WKK: We have no funding. Everything is coming from Jane and my own pockets. The great thing is, we have a crew that loves and believes in the project, and who are willing to work for little to no pay. Many business owners donated the use of their space to us for filming several of the episodes. Since we are working with a limited budget, we have to be creative in how we can incentivize our crew and actors. We do things for them like have craft services on some sets and pay for gas or bus tickets when necessary. I would certainly welcome any individual or company to donate and/or invest in this project.

MM: What do you anticipate for the release and why did you select a web-series for your medium?

WKK: I believe “Asian Rocks” will educate and enlighten our viewers about the journey of the Asian American here in America. At the same time, the series will entertain our viewers because each episode is hilarious. I chose to release this project as a web series because the internet will allow us the opportunity to tap into an untapped market. Our subject matter is unique and I haven’t seen anything out there like it. Also, I believe Asian America will love “Asian Rocks” and America as a whole will find it very interesting and enjoyable.

MM: Do you feel that it will be easier to get funding and backing for future projects now that “Asian Rocks” is set to go?

WKK: I certainly hope so because Jane and I have made a lot of financial sacrifices for this project and I have almost gone broke from funding this project.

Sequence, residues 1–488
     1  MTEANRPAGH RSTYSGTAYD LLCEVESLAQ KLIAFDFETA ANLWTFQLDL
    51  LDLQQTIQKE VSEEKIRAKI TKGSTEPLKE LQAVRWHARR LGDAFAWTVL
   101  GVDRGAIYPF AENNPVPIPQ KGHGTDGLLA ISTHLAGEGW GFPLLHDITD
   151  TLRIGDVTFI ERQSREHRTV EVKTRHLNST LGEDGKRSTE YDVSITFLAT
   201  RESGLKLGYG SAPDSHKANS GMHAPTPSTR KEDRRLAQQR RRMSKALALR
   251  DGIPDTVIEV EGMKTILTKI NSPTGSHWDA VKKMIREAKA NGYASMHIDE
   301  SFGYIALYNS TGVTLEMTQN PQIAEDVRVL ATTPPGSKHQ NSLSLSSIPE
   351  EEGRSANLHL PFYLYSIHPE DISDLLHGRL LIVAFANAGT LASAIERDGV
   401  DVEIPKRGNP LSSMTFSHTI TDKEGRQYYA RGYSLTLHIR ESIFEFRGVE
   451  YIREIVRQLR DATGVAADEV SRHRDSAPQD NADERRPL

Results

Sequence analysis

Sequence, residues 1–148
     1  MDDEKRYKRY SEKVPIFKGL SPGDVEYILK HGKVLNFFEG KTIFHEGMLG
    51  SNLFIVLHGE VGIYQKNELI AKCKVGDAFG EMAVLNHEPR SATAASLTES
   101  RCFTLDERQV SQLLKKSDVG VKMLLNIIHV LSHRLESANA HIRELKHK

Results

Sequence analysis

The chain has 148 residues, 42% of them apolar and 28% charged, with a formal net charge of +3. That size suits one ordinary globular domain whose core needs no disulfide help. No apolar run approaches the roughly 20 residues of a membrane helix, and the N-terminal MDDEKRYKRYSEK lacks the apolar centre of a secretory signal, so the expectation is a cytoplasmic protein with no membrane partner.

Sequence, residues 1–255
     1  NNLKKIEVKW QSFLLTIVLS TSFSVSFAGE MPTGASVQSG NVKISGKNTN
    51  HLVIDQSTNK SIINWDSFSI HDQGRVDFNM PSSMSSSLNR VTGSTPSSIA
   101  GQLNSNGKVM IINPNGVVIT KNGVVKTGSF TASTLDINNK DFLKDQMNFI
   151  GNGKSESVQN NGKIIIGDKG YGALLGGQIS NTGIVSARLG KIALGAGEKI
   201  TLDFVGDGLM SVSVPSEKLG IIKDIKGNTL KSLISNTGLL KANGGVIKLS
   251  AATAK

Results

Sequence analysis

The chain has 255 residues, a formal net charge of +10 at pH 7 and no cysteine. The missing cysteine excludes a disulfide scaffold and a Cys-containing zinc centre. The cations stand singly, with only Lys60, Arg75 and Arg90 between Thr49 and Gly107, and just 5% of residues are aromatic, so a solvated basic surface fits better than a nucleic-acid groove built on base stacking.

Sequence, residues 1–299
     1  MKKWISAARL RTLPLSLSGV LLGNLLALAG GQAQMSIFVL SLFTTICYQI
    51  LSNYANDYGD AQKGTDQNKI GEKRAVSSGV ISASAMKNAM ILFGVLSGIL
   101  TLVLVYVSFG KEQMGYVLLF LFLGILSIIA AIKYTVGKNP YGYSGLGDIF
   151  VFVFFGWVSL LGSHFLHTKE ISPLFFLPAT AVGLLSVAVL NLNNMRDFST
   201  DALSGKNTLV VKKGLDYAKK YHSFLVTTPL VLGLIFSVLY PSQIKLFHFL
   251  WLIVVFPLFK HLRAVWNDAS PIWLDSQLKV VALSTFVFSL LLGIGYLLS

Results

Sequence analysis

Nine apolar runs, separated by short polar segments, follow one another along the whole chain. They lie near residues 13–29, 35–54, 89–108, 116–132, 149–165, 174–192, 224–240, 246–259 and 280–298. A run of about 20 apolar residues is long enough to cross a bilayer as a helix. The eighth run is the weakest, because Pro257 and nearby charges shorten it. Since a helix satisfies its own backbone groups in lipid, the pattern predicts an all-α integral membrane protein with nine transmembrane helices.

As stated earlier, I would certainly welcome any individual or company to donate and/or invest in this project. Interested parties may contact me (Wizeman) via my email at peacejoyharmonyproductions@gmail.com.

MM: You have your own production company so what kinds of projects do you hope to produce in the future?

WKK: My production company is called Peace Joy Harmony Productions. We are about motivating, educating, and inspiring our viewers. In the future, we plan to produce diverse content from all genres. Once “Asian Rocks” becomes a huge success, I look forward to writing and directing more web-series, and hopefully TV and film projects as well. I’m really enjoying writing, producing, and directing this project.

TV & Film is my passion, but for now, my focus is making this project the best it can be. Whether you’re the minority or the majority, we will have projects just for you. Personally, I’m about truth, justice, balance, reciprocity, and order. Any project that I write or direct will represent who I am.

MM: Are you currently working on anything else and what has been the best thing about working on "Asian Rocks"?

WKK: No, I’m currently not working on anything else. However, writing TV and film scripts is my favorite thing to do so I’m constantly writing outlines of various ideas that come to mind. I have TV pilots that I plan to pitch and feature films that I plan to produce shortly. The best thing about working on this project has been the amazing privilege to work with my best friend and talented female actor, Jane, to help her fulfill her dream to become a professional female actor starring in a leading role.